Soc. 84509– Sociology of Hasidism
Wednesdays, 11:45 – 1:45pm, 3 credits, Room TBA
Prof. Samuel Heilman firstname.lastname@example.org
This course will explore the current Hasidic world looking at it sociologically. We will detail its history, structure, personalities, and conflicts. We put it in the context of fundamentalism. Special attention to issues of succession and continuity.
THEA 81300- Weimar on the Hudson: Music Theatre between the World Wars
Prof. David Savran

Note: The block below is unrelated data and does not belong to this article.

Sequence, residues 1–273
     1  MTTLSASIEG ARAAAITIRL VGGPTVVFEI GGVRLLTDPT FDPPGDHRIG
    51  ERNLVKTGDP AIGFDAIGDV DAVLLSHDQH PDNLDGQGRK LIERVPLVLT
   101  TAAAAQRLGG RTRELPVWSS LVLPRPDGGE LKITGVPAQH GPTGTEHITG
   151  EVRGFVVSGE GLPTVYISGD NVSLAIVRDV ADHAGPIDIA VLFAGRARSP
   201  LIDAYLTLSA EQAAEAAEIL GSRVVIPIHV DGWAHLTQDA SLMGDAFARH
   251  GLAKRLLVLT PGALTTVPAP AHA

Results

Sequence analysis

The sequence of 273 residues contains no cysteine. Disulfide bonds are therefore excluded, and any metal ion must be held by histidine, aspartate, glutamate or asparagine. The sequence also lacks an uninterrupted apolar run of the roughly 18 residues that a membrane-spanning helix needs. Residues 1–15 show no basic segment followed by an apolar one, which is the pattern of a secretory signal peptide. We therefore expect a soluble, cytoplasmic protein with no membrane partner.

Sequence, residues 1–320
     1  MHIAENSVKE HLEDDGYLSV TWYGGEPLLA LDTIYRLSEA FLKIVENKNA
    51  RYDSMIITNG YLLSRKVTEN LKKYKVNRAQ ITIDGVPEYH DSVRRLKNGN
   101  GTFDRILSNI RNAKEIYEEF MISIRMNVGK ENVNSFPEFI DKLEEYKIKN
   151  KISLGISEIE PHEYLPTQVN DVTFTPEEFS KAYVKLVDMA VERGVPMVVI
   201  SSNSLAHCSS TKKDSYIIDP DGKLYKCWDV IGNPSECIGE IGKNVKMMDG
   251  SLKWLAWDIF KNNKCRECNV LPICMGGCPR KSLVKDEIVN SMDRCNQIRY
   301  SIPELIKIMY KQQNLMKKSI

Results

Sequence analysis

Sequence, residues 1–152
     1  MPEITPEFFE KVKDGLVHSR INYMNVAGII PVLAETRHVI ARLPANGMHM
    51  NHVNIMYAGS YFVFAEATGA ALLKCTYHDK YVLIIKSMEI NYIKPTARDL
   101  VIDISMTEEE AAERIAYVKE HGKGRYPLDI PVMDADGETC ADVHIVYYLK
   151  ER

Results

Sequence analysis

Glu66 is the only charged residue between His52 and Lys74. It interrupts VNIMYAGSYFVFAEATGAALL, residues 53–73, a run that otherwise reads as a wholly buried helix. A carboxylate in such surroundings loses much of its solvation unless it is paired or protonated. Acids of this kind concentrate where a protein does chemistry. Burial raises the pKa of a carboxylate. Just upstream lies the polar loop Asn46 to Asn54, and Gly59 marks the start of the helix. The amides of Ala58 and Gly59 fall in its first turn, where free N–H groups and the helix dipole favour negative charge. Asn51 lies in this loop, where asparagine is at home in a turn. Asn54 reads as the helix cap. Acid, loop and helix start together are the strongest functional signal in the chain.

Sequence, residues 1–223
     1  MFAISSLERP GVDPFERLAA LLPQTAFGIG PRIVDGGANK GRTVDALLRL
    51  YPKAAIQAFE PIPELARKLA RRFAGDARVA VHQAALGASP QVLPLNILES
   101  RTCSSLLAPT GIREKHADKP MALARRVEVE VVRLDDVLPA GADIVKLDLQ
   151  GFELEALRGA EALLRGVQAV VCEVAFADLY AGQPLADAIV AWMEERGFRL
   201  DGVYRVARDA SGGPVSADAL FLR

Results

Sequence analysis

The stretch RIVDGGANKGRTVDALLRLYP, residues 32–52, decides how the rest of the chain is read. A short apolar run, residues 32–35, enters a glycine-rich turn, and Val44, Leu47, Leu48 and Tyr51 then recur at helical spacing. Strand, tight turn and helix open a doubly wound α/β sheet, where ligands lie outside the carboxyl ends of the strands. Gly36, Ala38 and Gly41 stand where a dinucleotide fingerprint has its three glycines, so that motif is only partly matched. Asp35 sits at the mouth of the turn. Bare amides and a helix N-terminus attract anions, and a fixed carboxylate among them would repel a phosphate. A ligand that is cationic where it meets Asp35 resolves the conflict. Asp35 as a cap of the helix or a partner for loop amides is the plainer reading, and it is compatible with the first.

The 1930s bore witness to an unprecedented migration of artists, writers, and philosophers from Germany and Austria to elsewhere in Europe and the United States. This course studies the transatlantic traffic in music theatre—broadly construed—between the German-speaking world and the U.S. from the 1920s to the 1940s. Engaging with theories of exile, migration, and transnational cultural production, it will focus on artists and social theorists exiled to the U.S., many of them already influenced in the 1920s by U.S. culture, especially jazz and Hollywood cinema. These include Kurt Weill, Bertolt Brecht, Hanns Eisler, Erich Wolfgang Korngold, Alexander Zemlinsky, Emmerich Kálmán, Ralph Benatzky, Arnold Schoenberg, Theodor W. Adorno, as well as anti-fascists such as Ödön von Horvath and Walter Benjamin who were not fortunate enough to make it the U.S. The course will also analyze operetta and musical theatre made in the U.S.A. by artists already conversant with European vernaculars, including Jerome Kern, Sigmund Romberg, Marc Blitzstein, and Cole Porter. Because works of these artists continue to be performed on both sides of the Atlantic, we will also study recent performances on both continents—as well as the many tragic echoes of exile from Nazi Germany in the current refugee crisis in Europe. Final grades will be determined by participation in seminar, two written reports, and a final paper.